Please meet at Moss Hotel (check-in time is 3.00pm). This heritage hotel is located in the heart of Battery Point, a short 2-minute walk from Salamanca Place.

Our program officially starts at 4.00pm. We commence with an orientation walk of Hobart’s waterfront led by Robert Morris-Nunn AM. Robert, an adjunct professor at the University of Tasmania’s School of Architecture, is principal of one of Tasmania’s most awarded practices, Circa Morris-Nunn Chua Architects. In 2017 he was made a Member of the Order of Australia for his significant service to commercial architecture in Tasmania, to tertiary education and to professional institutes, and as a role model. His body of work which “engages with its users, weaving the natural environment with the stories of Tasmania’s cultural history” includes the luxury Saffire Resort, the updated Henry Jones Art Hotel in one of Hobart’s oldest waterfront warehouses, and the Islington Hotel in one of Tasmania’s finest Regency mansions.

This evening we enjoy an introductory talk by Robert Morris-Nunn followed by a Welcome Meal at one of Hobart’s local restaurants. (Overnight Hobart) D

Day 2: Monday 7 February, Hobart

Hobart is home to a swathe of heritage-protected Georgian and Victorian buildings. Its most significant colonial buildings include Parliament House and the Penitentiary Chapel – both designed by John Lee Archer, a civil engineer and colonial architect who worked in Tasmania from 1827 to 1838. The Penitentiary Chapel, whose tower was inspired by the famous English architect, Sir Christopher Wren, remains one of the finest examples of colonial Georgian architecture in Australia.

Today Robert Morris-Nunn AM will accompany us to view a number of projects which involve the recycling of Hobart’s historic buildings. We begin with a visit to a stately two-storey Georgian homestead which was built in Acton in the mid 1820s. Here Robert will explain how materials, including hardwood timbers, sandstone and field stones, from a former heritage-listed (but condemned) outbuilding were carefully ‘recycled’ to create opposing wings to the rear of the house which included an open family dining/kitchen area on one side of a central courtyard, and two children’s bedrooms on the other.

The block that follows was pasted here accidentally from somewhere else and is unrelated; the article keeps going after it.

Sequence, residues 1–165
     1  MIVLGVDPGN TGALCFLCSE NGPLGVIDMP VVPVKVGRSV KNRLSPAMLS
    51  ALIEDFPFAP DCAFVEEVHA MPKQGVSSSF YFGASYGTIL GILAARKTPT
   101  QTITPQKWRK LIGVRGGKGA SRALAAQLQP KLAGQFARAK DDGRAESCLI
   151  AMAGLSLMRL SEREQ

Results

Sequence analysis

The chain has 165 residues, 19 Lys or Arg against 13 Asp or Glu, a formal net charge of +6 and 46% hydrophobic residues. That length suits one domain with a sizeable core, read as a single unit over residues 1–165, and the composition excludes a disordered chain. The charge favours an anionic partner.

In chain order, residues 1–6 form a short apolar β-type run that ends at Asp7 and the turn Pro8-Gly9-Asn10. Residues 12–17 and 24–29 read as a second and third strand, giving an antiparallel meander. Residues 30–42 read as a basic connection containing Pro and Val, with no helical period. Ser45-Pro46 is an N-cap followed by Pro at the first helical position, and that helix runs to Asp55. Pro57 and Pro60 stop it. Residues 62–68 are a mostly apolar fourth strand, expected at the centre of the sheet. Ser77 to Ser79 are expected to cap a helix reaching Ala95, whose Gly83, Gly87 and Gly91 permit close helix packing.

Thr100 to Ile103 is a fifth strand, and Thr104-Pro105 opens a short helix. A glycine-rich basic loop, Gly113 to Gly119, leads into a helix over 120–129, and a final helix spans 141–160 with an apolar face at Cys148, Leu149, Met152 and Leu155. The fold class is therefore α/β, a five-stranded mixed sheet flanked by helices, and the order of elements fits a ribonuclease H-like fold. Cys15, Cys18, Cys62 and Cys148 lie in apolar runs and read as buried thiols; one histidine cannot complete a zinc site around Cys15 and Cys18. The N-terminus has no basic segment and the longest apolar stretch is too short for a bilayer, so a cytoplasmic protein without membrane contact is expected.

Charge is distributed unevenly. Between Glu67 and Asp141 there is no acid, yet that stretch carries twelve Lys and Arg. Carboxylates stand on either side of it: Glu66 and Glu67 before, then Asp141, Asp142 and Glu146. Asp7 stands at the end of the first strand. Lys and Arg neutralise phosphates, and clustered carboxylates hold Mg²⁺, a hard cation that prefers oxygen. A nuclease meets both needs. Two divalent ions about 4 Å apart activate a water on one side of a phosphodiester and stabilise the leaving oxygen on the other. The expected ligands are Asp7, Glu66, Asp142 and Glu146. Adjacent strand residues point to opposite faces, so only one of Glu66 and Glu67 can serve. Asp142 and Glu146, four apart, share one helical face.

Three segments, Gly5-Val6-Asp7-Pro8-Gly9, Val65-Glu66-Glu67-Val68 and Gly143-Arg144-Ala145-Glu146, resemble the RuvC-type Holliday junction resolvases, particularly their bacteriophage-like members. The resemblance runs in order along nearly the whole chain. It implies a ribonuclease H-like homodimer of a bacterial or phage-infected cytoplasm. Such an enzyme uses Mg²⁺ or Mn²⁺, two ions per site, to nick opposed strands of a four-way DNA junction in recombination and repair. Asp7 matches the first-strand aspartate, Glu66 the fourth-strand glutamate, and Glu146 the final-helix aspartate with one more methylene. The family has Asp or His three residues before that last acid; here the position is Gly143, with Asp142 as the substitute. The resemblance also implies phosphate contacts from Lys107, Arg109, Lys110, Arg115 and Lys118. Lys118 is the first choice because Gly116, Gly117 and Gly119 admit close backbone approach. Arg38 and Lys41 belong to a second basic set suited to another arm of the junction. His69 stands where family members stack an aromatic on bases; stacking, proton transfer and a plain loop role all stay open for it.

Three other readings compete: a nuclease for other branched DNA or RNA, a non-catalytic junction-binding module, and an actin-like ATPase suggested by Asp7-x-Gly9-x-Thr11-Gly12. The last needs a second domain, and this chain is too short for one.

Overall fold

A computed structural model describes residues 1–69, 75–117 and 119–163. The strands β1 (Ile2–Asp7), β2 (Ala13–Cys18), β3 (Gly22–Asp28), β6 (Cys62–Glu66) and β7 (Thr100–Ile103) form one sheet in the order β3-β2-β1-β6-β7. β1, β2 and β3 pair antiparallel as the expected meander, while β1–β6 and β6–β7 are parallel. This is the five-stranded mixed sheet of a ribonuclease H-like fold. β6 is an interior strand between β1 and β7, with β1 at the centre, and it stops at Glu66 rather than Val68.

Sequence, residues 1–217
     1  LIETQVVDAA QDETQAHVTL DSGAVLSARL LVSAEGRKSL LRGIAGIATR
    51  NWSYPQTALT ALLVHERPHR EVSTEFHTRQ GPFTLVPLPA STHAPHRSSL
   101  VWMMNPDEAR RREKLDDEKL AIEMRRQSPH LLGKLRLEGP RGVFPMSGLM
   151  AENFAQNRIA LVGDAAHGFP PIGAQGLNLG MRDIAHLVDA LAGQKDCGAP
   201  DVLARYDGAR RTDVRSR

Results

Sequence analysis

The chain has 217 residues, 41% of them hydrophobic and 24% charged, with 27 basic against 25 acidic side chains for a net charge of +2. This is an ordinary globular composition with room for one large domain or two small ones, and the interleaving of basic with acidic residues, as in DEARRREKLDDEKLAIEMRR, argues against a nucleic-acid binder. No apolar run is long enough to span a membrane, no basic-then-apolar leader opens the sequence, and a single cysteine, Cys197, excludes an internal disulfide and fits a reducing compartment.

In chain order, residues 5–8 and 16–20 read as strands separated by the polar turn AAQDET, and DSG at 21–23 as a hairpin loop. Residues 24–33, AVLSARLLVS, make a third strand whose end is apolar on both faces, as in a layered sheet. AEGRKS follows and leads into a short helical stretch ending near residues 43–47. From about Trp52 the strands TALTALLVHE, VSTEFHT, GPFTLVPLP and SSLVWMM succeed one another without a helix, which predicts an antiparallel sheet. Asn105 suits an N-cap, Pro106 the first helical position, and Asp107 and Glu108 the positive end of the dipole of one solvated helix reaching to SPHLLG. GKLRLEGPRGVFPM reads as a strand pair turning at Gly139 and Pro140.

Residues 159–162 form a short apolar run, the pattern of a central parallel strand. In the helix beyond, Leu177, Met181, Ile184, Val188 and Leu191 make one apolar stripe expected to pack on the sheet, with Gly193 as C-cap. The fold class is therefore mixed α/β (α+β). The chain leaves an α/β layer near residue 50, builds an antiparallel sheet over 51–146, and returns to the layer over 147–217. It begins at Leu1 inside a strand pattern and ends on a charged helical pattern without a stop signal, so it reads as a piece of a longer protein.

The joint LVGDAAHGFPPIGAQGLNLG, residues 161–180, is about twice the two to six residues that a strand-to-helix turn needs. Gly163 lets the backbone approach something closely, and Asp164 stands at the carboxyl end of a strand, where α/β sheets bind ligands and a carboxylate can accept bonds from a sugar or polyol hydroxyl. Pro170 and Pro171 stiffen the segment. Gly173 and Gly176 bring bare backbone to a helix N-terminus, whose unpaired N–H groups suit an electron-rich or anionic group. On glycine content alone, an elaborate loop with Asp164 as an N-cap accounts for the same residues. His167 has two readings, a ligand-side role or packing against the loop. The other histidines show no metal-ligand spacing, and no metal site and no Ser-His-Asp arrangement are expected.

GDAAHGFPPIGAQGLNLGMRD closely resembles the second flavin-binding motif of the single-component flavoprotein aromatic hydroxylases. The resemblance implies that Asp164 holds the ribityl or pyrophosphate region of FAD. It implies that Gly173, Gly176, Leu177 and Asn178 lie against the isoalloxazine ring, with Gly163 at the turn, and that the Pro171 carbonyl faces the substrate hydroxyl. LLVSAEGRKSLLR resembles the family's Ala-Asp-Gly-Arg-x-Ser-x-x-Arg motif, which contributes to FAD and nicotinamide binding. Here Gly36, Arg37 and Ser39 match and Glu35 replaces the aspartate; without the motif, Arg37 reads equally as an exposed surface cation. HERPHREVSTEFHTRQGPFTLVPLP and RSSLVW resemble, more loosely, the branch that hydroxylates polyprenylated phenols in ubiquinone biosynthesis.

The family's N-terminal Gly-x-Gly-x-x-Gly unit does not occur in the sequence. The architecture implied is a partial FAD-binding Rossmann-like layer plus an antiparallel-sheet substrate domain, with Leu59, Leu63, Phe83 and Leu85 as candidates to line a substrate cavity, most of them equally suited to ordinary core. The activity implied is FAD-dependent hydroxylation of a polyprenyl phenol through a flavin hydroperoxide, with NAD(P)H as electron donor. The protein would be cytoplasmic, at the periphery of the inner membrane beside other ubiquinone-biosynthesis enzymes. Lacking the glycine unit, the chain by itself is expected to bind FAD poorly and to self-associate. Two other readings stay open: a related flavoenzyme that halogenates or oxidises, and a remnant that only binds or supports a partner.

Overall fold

Returning to Hobart’s waterfront we make a brief visit to the School of Creative Arts on Hunter Street and the adjacent Henry Jones Art Hotel which are housed in the old Henry Jones IXL Jam Factory dated 1903.

Next, we visit The Barn, a clever renovation of an 1820s sandstone barn by architects Alex Nielsen and Liz Walsh who collaborated on the project as workbylizandalex. Their careful renovation of this historic barn which retains much of the original stone and timber work, won the Heritage Award and Small Project Architecture: Nicholas Murcutt Award (AIA National Awards, 2015). Both talented young designers, they have each gone on to work at respected architectural firms in Hobart – Liz is at Cumulus Studio, Alex at Circa Morris Nunn Chua Architects.

Following some time at leisure for lunch, we take a short walk through the picturesque Battery Point which takes its name from the battery of guns which were established on the point in 1818 as part of Hobart’s coastal defences. Having been settled in the early 1800’s, it is full of historic character with its winding streets and colonial architecture.

Of particular interest is Arthurs Circle, a ring of old cottages circling a village green which is modelled on the quaint hamlets dotting the English countryside. This was one of the earliest sub-divisions in Australia. During our walk we visit two projects which involve sympathetic renovations to heritage buildings. The first project by Circa Morris-Nunn Chua Architects entitled, ‘Arthur Circus’, is part of this relatively intact and uniform Georgian subdivision. Here we view the successful extension to the rear of a heritage cottage which despite the challenges of increasing floor area on an incredibly restricted site, provides an internal space with both volume and daylight.

Nearby at the Signalman’s Quarters, an 1850s stone cottage which formerly housed the signalman of Mulgrave Battery, we view sympathetic renovation works by 1+2 Architecture which include a new extension and conservation works to the significant heritage fabric of the house.